Nursing home chains and practice patterns: evidence under the Medicare Prospective Payment System

Tuesday, June 25, 2019
Exhibit Hall C (Marriott Wardman Park Hotel)

Presenter: Qing Zheng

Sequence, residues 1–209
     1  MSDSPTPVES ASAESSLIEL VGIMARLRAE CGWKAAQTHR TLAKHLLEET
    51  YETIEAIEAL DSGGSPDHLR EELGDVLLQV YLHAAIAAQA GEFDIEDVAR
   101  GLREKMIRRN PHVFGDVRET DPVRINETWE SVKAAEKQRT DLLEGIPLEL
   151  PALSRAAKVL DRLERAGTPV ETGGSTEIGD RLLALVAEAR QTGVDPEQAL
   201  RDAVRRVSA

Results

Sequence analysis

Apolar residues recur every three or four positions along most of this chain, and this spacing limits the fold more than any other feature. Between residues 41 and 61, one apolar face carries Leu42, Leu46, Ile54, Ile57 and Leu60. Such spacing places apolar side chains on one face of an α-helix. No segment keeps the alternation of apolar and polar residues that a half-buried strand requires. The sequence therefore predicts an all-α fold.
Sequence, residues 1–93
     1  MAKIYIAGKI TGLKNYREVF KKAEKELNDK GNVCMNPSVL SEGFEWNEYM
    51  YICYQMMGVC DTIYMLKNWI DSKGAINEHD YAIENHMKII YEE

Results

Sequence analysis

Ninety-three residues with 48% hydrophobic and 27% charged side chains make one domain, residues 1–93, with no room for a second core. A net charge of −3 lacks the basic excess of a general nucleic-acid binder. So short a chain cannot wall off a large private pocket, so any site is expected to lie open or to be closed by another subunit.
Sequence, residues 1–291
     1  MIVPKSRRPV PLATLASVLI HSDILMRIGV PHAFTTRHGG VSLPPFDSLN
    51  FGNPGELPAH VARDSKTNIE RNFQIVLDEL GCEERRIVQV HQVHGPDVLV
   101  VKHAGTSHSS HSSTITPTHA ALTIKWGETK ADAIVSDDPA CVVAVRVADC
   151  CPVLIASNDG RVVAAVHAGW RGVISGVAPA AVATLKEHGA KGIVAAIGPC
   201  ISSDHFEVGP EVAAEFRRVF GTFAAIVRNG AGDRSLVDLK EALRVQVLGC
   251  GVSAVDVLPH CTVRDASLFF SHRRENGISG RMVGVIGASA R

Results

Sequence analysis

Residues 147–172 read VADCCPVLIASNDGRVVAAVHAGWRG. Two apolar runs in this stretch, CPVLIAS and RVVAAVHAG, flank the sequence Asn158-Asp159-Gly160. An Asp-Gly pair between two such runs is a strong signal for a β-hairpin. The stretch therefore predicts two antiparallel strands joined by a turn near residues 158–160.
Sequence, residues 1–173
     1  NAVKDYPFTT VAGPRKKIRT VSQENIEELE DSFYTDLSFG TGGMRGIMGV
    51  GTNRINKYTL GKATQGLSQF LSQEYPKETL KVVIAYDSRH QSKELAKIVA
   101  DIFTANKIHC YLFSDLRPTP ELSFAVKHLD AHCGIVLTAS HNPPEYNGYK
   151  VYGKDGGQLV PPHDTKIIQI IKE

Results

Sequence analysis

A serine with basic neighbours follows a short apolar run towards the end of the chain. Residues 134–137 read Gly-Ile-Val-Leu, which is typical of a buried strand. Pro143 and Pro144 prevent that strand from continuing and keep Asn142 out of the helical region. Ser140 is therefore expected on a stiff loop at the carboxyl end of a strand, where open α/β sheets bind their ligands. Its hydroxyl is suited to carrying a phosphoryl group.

In 1998, Medicare changed its payment method for post-acute care provided by skilled nursing facilities (SNFs) from a cost-based system to a per diem Prospective Payment System (PPS), with a goal to control increasingly high Medicare SNF expenditures. Primarily based on therapy minutes, the PPS created an incentive for nursing homes to provide high-intensity therapy services. Accounting for more than 50% of the SNFs in the United States, corporate chains can affect affiliated facilities’ practice patterns. This paper aims to examine whether the selection of therapy treatment levels for SNF residents varies by chain ownership. Using a Difference-in-Differences estimation approach to compare independent and chain-acquired SNFs during the period from 2003 to 2009, I find that independent facilities acquired by chains experienced a 2.92 percentage point increase in the proportion of residents with the highest therapy treatment level. A more dynamic model suggests that the chain effects may last for years after the acquisition. In addition, I find that the main effects are mostly due to acquisitions by large chains and for-profit chains. However, the increase in treatment intensity among chain-affiliated SNFs does not lead to shorter length of stay. Overall, the findings suggest that government agencies should consider chain affiliation when monitoring Medicare reimbursements among SNFs.